If I were to offer one piece of advice for HR and business leaders and their organizations, it would be this: make trust a priority and scale it to win customers on the outside and your people on the inside.
In the not too distant past, trust was considered a ‘soft’ corporate issue. Its connection to a company’s value was always there, but unclear. But not anymore. I define trust as a confident relationship in the unknown. It’s at the heart of every action, relationship and transaction, and should be an organization’s North Star for making all decisions from products and services to ethics and employee engagement.
Trust has taken center stage for HR and business leaders. According to McKinsey, 10 out of 15 industry sectors have reported a decline in trust over the last three years. You could attribute this, for instance, to the VW diesel emission scandal in 2015, or the once high-flying payment processor Wirecard crashing into insolvency this summer after admitting that €1.9bn in cash was missing, and that large parts of the business had been misrepresented.
George Orwell would have relished these times. Fake news, false facts, meme warfare, data breaches, tainted food and digital skulduggery. And to put this into monetary terms, a $30bn retail company will, in theory, lose $4bn in future revenue due to a loss of trust.
But can HR and leaders rebuild years of eroded trust? According to Edelman’s Annual Trust Barometer, 58% of people do not trust organizations to do the right thing, and 1/3 employees believe their job will not exist in a few years due to AI and automation. With so many unknowns, how can companies, individuals and society as a whole win?
Now is not the time to adopt a ‘wait and see’ strategy. As agents of change, HR and business leaders need a more expansive view about their mandate and should make trust a priority across competence and reliability (how you do things) and integrity and empathy (why you do things).
Here are three ways for HR and business leaders to move from control to trust.
1. From #Me to #We
Why is it that only 5% of nations are led by women and less than 3% of CEOs on the FTSE 100 Index are women? It’s impossible to harness trust if women are ignored as potential future leaders in organizations. To thrive, every organization must prioritize three things:
- Divergent thinking
What’s more, the pandemic has highlighted that the current leadership model is broken, and has provided an opportunity to reset in three ways:
- Less micro- and more macro-managers
- More ethical leaders such as Jacinda Ahern and Angela Merkel
- Winning through empathy
Organizations that are the most trusted capture the most value when difference, divergent thinking and diversity is not just a set of beliefs, but is recognized and celebrated. It’s clear to me that people want values and value at work, and that this starts by moving from a ‘me’ to a ‘we’ mindset.
2. Win with trust
The global pandemic has turned our world upside down and accelerated disruption, from the blurring of industry lines and economic and geopolitical uncertainty, to disruptive technologies and the shrinking of company and product lifespans. As we transition to a new normal, there is fear and excitement. In the short term, from the unknown business fall out of a pandemic and, in the medium term, from the continued impact and opportunities of AI and automation. Hack Future Lab’s research shows that 83% of executives see trust playing a far greater role in sustaining a thriving workforce in a post-COVID world.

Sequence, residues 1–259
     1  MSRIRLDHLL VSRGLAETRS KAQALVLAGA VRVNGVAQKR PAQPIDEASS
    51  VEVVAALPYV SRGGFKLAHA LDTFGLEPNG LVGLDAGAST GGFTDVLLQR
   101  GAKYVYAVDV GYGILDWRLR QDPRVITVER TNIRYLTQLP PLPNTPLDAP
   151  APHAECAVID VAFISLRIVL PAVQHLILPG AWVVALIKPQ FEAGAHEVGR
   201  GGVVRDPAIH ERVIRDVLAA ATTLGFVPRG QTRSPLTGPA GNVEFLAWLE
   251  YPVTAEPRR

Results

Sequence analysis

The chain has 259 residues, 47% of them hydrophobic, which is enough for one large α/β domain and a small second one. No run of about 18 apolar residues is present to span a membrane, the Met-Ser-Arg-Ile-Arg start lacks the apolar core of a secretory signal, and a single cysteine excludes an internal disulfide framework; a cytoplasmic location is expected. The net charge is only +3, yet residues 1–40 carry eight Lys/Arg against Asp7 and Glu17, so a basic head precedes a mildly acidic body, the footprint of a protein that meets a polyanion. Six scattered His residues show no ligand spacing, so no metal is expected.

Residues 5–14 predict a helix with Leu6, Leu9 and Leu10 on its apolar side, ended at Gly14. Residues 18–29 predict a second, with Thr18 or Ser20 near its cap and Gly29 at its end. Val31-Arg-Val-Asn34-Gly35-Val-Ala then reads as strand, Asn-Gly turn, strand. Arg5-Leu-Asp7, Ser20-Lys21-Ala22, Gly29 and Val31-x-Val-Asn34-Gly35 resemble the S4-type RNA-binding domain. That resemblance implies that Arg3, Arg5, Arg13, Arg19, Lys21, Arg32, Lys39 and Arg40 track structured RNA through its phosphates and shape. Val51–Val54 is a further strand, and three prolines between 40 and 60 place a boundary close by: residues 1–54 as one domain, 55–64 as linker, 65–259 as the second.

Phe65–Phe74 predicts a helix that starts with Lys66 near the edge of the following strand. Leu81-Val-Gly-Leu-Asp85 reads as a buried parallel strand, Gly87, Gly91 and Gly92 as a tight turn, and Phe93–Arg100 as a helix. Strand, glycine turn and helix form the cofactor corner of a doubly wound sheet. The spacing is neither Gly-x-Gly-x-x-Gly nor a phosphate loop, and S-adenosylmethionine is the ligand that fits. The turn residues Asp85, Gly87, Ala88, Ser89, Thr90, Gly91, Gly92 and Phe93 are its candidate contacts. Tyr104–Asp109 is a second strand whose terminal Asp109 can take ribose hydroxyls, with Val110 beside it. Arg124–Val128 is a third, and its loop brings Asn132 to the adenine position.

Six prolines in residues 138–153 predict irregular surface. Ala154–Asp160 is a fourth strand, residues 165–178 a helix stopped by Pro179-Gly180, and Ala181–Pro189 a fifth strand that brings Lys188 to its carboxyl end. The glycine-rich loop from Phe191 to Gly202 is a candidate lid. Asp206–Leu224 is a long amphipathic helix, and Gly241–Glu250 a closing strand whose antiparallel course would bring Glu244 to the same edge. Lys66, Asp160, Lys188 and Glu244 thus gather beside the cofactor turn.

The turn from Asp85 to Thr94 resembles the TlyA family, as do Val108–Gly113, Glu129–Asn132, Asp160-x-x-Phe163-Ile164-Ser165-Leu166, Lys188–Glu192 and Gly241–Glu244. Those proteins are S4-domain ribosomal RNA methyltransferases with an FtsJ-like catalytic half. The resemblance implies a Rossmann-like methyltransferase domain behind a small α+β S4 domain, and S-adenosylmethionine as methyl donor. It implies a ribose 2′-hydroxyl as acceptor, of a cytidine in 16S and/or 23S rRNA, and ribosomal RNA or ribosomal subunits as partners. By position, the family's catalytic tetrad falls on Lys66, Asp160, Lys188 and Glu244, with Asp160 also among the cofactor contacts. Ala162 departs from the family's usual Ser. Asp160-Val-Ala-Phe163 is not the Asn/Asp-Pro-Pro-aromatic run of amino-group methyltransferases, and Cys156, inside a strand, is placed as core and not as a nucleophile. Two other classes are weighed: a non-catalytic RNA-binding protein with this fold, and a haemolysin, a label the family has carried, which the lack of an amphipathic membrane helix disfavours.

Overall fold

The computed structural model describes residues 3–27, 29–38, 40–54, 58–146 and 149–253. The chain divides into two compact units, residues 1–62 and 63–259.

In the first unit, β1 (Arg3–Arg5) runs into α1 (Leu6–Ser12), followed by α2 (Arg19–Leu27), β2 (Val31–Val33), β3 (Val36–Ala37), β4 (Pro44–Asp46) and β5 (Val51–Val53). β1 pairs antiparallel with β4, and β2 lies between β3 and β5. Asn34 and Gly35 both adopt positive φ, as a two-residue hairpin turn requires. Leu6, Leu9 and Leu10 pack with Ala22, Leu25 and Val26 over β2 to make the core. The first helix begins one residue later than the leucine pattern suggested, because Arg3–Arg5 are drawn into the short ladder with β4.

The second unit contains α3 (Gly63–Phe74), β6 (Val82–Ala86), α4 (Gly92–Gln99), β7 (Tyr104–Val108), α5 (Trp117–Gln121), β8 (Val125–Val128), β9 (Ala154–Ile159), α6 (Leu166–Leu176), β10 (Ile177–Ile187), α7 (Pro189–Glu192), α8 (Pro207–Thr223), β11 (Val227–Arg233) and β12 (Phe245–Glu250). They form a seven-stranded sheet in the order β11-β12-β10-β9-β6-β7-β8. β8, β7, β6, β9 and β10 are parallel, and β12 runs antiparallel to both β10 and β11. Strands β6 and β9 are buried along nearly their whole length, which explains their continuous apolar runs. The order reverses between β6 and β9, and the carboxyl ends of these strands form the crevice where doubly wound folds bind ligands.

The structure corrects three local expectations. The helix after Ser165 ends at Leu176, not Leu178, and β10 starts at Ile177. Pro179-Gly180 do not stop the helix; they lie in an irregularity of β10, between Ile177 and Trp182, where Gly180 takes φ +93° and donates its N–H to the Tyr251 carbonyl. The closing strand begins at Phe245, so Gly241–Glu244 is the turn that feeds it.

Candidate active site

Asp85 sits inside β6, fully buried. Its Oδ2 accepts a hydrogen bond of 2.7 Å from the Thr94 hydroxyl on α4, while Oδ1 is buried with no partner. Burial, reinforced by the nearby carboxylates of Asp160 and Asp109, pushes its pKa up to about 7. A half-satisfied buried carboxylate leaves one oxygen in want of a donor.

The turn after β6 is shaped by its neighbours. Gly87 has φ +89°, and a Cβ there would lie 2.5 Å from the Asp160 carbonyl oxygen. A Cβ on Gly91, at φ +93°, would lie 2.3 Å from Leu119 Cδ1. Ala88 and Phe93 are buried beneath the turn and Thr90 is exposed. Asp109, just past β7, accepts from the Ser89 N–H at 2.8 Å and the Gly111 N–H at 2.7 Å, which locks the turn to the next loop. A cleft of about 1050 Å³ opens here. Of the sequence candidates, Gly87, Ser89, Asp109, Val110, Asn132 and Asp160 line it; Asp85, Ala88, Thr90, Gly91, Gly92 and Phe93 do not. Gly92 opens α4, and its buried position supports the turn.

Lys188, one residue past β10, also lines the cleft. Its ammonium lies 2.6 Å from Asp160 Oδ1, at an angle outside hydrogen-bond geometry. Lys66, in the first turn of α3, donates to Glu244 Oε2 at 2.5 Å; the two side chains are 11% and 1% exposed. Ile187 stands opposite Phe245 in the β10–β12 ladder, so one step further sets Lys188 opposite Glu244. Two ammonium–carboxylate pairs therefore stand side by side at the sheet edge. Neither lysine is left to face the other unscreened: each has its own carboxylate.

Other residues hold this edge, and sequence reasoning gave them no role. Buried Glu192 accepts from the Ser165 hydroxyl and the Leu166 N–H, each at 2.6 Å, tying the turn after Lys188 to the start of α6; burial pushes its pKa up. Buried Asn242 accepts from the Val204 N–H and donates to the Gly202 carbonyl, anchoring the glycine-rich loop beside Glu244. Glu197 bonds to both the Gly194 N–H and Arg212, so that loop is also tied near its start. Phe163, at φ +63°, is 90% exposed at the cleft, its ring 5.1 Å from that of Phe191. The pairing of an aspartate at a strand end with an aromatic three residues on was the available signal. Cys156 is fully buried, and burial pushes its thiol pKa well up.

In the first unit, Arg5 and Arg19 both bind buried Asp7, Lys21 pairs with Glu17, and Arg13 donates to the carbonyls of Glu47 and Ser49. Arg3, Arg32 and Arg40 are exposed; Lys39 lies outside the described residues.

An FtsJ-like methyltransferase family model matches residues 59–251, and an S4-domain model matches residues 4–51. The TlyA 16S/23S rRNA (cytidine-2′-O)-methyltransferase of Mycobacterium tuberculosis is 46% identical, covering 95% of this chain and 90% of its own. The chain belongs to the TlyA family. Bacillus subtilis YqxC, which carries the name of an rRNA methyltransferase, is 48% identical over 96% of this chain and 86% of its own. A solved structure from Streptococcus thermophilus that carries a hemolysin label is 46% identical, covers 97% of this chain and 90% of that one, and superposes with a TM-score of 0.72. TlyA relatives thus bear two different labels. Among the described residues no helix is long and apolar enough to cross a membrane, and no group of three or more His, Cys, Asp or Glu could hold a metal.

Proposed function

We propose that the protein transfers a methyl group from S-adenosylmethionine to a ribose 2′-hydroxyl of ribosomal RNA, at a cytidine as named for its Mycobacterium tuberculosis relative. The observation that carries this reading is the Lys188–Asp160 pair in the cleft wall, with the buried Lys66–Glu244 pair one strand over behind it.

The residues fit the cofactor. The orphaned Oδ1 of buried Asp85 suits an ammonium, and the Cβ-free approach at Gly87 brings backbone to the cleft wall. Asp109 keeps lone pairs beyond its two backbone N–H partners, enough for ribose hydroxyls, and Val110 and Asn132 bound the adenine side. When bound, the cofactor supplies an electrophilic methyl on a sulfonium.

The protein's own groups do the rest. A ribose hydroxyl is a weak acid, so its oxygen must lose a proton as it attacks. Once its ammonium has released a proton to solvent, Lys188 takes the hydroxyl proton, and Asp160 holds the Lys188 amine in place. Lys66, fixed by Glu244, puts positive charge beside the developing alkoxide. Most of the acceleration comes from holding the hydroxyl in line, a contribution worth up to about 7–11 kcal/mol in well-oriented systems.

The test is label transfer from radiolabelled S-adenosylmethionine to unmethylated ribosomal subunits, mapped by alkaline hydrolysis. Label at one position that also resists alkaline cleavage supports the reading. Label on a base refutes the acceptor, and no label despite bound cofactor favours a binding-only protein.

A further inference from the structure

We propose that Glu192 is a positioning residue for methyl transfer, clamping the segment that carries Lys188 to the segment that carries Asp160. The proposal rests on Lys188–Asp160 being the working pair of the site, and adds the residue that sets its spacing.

As HR and business leaders prepare to return employees to the workplace, they must ask the question: ‘How do we cultivate a high-trust and energized workforce willing to own the transformation journey, and be resilient enough to handle the challenges brought by a global pandemic?’ Organizations such as games developer Ubisoft and social media platform Twitter report that high-trust employees are twice as likely to say their organization is transparent about which jobs will change, and rank uncertainty last in reasons for feeling burnt out.
Trusted employees are twice as likely as distrusted employees to be excited about the prospect of reskilling and three times more likely to be satisfied with the company, with no plans to leave.
3. Don’t go it alone: co-create for trust
At this time of unrelenting change, companies may find themselves alternating between four distinct phases depending on the course of the pandemic:
1. Recover revenue
2. Rebuild operations
3. Rethink the organization
4. Move from ‘doing digital’ to ‘being digital’.
My research shows that the best business and HR leaders place trust at the heart of their decisions.
Some of the most trusted brands such as Netflix, Amazon and Google listen and use data and insights to understand their employees, colleagues and customers’ pain points. They take action to improve individuals’ futures while enhancing their present-day experience. Hack Future Lab’s research shows that organizations that lead with trust are more energizing to work for and more resilient in the face of adversity. Now, it’s the people delivering the experience who are driving the advantage — and the differentiator for them, too, is trust.
Who do you trust?
Without trust, relationships break down, organizations stop working, and societies fail. In an age with record levels of distrust brought on by social tension, economic nationalism and technological revolution, it’s time to consider how to bake trust into the DNA, strategy and day-to-day operations of your business and measure trust across the whole stakeholder mix from employees, to customers, suppliers, investors, analysts and the media.
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